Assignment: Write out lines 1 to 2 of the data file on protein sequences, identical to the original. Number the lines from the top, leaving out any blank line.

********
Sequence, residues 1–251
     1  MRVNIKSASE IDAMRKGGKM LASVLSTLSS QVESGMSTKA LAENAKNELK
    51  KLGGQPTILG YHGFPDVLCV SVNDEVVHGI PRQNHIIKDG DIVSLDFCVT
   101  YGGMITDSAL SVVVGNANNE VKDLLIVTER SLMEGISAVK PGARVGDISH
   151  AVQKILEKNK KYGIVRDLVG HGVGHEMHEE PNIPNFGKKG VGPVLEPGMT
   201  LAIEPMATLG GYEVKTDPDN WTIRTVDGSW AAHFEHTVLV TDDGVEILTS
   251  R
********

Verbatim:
Sequence, residues 1–251
     1  MRVNIKSASE IDAMRKGGKM LASVLSTLSS QVESGMSTKA LAENAKNELK